You should advocate education. In all it's forms.
This is an emotional appeal most people have fallen for. Think about if I can hand you something that is, in itself, a boon: if I give you food, food is good for you, and will help you. Taking that something away is a bad thing. Assume this thing is pure, and in fact good for you to have in all cases.
The problem is the circumstance in which you receive it. With college education, we take two burdens from businesses: cost and risk. The risk, in particular, is very context-sensitive: businesses know who they want to hire, and they know what direction their business is moving in; they can manage their human resources effectively by building skills in their employees. Anyone who tells you a business can't predict its need for technical people in 5 years and would be completely ineffective at planning for their workforce effectively has no idea what he's talking about.
This risk, on businesses, equates to hiring entrants for cheap, shifting crap work from highly-skilled labor (expensive) to entrants (cheap), and improving the entrants (relatively cheap, and amortized) so that more complex work can be moved from the highly-skilled labor. This allows you to reduce costs by making more efficient use of your expensive resources, rather than pouring gold over every cheap plastic bit.
On individuals, it's different. Individuals need to pick out what general market will have the most need for their skills after college (in 4 years), and move in that direction. Their ability to switch course is severely eroded after the first year (you can only front load so much gen-ed), and so they must settle on a declared major. For at least three years, they take risk in earnest; the longer they're in school, the higher the risk. If they come out into a market which is now saturated, they may face unemployment; changing careers at any stage induces sunk costs, and more costs are sunk the longer they stay in college. Likewise, a high-demand career may come with an increase in tuition costs to the student, further increasing risk. When the college is funded by tax dollars, the risk is transferred to the taxpayer basis.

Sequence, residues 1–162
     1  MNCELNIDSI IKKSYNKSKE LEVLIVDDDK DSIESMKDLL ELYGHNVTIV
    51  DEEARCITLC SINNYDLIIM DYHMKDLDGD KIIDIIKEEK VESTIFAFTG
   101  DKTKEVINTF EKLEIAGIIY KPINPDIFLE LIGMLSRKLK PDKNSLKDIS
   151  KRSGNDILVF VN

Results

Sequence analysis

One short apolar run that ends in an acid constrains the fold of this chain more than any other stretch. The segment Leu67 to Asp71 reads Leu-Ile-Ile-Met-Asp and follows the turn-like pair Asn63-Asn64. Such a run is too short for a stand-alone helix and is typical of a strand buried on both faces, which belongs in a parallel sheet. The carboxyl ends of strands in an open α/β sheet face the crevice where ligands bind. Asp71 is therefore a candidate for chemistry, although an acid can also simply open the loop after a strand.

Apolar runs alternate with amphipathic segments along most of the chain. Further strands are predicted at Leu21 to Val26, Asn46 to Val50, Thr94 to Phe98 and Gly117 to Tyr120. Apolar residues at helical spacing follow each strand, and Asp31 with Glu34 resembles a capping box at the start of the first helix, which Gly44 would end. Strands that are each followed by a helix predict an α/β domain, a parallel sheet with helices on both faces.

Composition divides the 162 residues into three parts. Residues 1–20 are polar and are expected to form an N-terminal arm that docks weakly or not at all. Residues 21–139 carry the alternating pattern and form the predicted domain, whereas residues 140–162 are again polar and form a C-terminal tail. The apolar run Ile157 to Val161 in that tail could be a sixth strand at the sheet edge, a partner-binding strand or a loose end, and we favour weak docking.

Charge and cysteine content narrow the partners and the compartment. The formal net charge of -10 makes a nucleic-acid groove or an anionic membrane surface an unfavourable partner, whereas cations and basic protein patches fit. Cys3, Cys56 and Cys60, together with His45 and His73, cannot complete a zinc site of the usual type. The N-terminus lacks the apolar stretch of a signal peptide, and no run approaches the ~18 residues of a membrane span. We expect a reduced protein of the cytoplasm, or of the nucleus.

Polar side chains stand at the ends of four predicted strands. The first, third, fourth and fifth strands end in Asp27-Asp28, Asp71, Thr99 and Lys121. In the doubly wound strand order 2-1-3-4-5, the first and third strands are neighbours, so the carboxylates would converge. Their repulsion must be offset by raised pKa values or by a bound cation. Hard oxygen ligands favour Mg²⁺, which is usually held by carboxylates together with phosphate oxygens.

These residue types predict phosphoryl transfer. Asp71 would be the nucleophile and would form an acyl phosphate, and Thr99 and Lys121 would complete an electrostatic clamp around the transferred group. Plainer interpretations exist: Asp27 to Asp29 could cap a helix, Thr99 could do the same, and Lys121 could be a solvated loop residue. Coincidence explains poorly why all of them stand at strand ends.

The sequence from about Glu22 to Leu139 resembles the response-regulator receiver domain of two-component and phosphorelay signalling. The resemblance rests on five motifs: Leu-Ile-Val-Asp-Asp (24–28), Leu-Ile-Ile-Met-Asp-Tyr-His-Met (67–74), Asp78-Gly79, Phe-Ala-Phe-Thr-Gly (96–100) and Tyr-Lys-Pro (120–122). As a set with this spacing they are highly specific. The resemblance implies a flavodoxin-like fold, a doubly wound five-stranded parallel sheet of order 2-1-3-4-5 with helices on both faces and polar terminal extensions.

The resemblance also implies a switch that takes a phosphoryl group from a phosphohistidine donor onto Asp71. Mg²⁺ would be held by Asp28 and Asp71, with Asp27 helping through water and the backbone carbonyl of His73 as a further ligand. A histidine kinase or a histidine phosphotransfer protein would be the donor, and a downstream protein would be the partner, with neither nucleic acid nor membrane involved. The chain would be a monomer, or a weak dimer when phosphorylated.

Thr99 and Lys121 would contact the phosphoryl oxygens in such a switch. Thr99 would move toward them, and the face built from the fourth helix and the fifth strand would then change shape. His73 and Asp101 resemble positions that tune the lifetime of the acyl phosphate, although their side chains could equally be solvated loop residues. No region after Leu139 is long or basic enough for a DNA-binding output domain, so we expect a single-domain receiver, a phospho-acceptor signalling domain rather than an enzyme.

With the risk transferred to individuals, businesses see an increase in available trained, skilled labor. This means they can flatten the costs of labor by lowering salaries: Instead of a $100k programmer, a $30k entrant, and $30k ($7.5k/year) paying for the entrant's college education while profiting by moving cleanup and QA off the $100k programmer to the $30k entrant and giving more tasks to the $100k programmer, the business can just hire two $60k skilled programmers. This gives the business two *skilled* programmers, instead of one skilled and on entrant, allowing greater management flexibility and the ability to implement more aggressive business strategies.
You'll notice that providing universal college education effectively reduces people's salaries and increases unemployment risk, while reducing costs to businesses and improving their ability to profit from individuals.
In other words: by giving a college education to everyone, we are disenfranchising and burdening the individual laborer, and giving a hand-out to businesses.
Interestingly, the logic above would indicate that universal education plans as such actually work out better the higher your income level: poor people can't handle these risks, and even a fully-paid tuition ending in having an oversupplied degree is worse than a situation where they only have to get hired as an unskilled entrant with a solid high-school education. Our current system is an absolute abomination, as it puts debt risk on the poor: if we can't guarantee them employment immediately out of college, they can't afford to even try. Any hope of possibly scraping by on a McDonalds salary evaporates when you have to pay your student loan debt on top of all the other shit.
Yeah, I dunno dude, automation keeps taking away more jobs. When they come for the paper pushers, I'm not sure I'm going to say anything.
That's why I'm designing a system that doesn't break that way. Remember unemployment insurance? Everyone loses their jobs, so you have to spend 10 times as much, but you didn't tax that much? And now the economy is falling apart, so you jack up taxes, and make it worse? Yeah, no. 100% saturation 100% of the time means you always have the net under everyone, and don't have to make it bigger when the economy tanks. You avoid that damage.